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    Thread: 16v FAQ: if you are new to the 16v forum, this is the thread for you

    1. 11-28-2002 12:08 PM #1
      With the return of the search function, and in an effort to create a resource for the most commonly asked questions in the 16v forum, this thread is meant to provide a quick reference to those that are new 16v owners or are not familiar with the 16v engine.

      Please add appropriate material to this thread; the things that are repeated will be deleted unless the general concensus is that they are more complete than the one that they come after. Please treat this as a working, breathing, living document and is meant to serve as a resource for commonly asked questions. This thread is not for personal bickering, and any posts that do not add relevant information to this thread will be deleted immediately and without explination.

      I know most of you have something to add here, so get to work



    2. 11-28-2002 12:19 PM #2
      for 020 transmission information check out http://cars.vwsport.com/gears/index.html

      it has gear ratios (1-5 and ring and pinion), information on SMS (self machining syndrome), speed / RPM calculator, excel spreadsheet download to calculate speeds (thanks Ron P), speedometer gear information and part numbers, and lots of other useful information.


    3. Member austin neuschafer's Avatar
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      11-28-2002 01:52 PM #3
      a post about the ABF 16v motor, used in the A3 cars in europe w/pics and links http://forums.vwvortex.com/zerothread?id=424868
      and some peoples experience and info on how to run the dual exhaust cam setup http://forums.vwvortex.com/zerothread?id=365948
      cheap alternative to the $100+ oxygen sensor for about $40 http://forums.vwvortex.com/zerothread?id=877406

      premaid crank trigger wheel for all(older) vws with a external harmonic balancer www.eurospeed.ca prices shown are in canadian $ they also make 16v fuel rails.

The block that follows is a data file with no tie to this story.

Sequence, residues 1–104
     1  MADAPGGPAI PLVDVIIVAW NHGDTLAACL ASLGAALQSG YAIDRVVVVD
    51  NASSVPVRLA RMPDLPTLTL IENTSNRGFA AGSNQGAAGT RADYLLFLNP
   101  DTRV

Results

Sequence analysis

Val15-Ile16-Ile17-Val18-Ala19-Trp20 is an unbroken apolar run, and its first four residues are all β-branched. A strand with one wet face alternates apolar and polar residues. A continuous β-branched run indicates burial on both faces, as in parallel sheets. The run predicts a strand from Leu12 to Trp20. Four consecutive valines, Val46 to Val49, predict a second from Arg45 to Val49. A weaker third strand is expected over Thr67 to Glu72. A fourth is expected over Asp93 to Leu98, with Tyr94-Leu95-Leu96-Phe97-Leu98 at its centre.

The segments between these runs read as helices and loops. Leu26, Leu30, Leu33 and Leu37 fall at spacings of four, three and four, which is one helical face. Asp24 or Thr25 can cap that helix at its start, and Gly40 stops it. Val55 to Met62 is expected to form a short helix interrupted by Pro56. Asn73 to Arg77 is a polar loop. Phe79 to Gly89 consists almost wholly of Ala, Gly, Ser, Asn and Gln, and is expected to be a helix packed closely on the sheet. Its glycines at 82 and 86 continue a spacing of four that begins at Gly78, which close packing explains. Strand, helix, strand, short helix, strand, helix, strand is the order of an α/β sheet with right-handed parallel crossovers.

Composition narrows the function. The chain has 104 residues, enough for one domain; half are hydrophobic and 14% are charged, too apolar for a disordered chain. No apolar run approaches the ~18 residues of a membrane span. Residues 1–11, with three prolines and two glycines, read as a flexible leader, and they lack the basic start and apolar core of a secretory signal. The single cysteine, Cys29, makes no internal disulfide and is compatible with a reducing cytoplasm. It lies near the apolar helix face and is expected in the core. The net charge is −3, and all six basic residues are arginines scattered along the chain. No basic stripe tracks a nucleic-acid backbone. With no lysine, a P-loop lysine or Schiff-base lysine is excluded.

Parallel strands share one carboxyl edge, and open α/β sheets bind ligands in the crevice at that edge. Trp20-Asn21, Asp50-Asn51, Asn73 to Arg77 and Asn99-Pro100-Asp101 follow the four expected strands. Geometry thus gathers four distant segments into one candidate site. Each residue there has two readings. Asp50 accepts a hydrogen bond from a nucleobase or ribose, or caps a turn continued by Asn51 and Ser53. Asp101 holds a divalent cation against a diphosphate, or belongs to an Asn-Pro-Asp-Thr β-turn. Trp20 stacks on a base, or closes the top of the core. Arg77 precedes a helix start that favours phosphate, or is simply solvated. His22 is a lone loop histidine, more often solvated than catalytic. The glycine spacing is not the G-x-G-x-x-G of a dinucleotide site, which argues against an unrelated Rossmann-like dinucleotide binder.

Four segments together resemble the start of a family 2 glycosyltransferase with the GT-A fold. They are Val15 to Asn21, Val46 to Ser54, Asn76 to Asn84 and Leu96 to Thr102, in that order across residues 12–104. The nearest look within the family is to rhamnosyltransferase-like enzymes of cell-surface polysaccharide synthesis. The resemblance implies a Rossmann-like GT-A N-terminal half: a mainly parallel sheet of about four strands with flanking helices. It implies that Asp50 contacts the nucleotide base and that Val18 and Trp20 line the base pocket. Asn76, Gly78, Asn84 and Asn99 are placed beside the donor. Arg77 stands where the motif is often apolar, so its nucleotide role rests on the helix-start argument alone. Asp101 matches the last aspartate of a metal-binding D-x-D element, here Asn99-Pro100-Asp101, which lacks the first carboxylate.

transmission rebuilds are available from HGB on here he is well known and respected in the business

      ce2 swap into a A1 car http://forums.vwvortex.com/zerothread?id=610111

      actual cuttaway view (not computer generated) of a 2.0 (9A) head ports http://forums.vwvortex.com/zerothread?id=1141959

      what water outlet to use for the clip in style sensors??? P# 068 121 145Q pics and 2 posts about this http://forums.vwvortex.com/zer...44950 http://forums.vwvortex.com/zerothread?id=2008943

      I highly recommend using anti seize lubricant went reinstalling water pump housing bolts, cv - hub splines, oxygen sensor threads, exhaust studs. these parts are very prone to corrosion due to either exposure to corrosive chemicals or excessive heat. I speak from experience




      Last edited by austin neuschafer; 10-02-2010 at 01:16 AM.
      87 rocco 2l16v MS3 02a/j with 4.24 on LSD. 91 rado geting 1.8t, 02 cabrio geting vr6, 04 r32 vf stg 2 sc, and a few other goodies

    4. 11-28-2002 02:38 PM #4
      http://www.scirocco16v.com has good tech info and a lot of dyno scans. It is 16volt's site.
      Thanks Shannon and keep it up!

    5. 11-28-2002 02:41 PM #5
      this is what removing the AC on a 2.0L 16v looks like. Notice the cut bracket, the alternator mounted where the A/C was, the 8v alternator pulley and the A/C belt used to drive the alternator.



    6. 11-28-2002 02:44 PM #6
      A flywheel can safely be lightened to 8lbs.




    7. 11-28-2002 02:51 PM #7